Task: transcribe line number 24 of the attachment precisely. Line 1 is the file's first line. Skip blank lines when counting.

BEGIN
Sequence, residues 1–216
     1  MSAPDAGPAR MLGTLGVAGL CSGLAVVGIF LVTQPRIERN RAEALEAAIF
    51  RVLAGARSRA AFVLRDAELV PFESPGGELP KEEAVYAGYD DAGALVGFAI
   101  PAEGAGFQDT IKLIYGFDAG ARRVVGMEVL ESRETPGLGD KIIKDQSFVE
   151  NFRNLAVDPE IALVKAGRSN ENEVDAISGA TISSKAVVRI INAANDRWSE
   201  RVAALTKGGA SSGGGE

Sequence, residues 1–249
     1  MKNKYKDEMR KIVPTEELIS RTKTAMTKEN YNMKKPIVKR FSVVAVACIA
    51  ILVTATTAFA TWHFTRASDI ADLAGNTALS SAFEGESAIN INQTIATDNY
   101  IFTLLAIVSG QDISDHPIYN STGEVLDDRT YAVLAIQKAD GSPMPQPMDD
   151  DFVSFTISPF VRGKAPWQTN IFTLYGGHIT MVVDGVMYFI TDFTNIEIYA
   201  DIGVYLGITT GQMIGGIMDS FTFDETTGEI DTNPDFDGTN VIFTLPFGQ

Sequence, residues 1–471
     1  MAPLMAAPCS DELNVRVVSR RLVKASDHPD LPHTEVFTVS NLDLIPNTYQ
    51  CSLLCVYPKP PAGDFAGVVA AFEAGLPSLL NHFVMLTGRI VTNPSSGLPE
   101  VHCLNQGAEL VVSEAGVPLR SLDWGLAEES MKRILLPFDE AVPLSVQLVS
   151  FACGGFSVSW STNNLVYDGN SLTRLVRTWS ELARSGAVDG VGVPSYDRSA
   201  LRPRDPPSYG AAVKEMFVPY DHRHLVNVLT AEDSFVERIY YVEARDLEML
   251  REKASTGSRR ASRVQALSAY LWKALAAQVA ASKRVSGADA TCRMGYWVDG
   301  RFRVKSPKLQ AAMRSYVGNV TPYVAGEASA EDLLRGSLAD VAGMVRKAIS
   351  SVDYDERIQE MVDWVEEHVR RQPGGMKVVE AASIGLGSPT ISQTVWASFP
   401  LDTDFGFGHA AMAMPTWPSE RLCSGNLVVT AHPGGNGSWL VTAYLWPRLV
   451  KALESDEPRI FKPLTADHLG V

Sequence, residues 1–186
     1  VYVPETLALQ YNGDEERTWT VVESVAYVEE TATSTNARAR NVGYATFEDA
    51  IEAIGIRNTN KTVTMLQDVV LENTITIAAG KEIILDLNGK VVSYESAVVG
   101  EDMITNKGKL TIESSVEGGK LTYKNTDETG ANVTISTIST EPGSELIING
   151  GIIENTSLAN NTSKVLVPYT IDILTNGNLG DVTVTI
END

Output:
Sequence, residues 1–186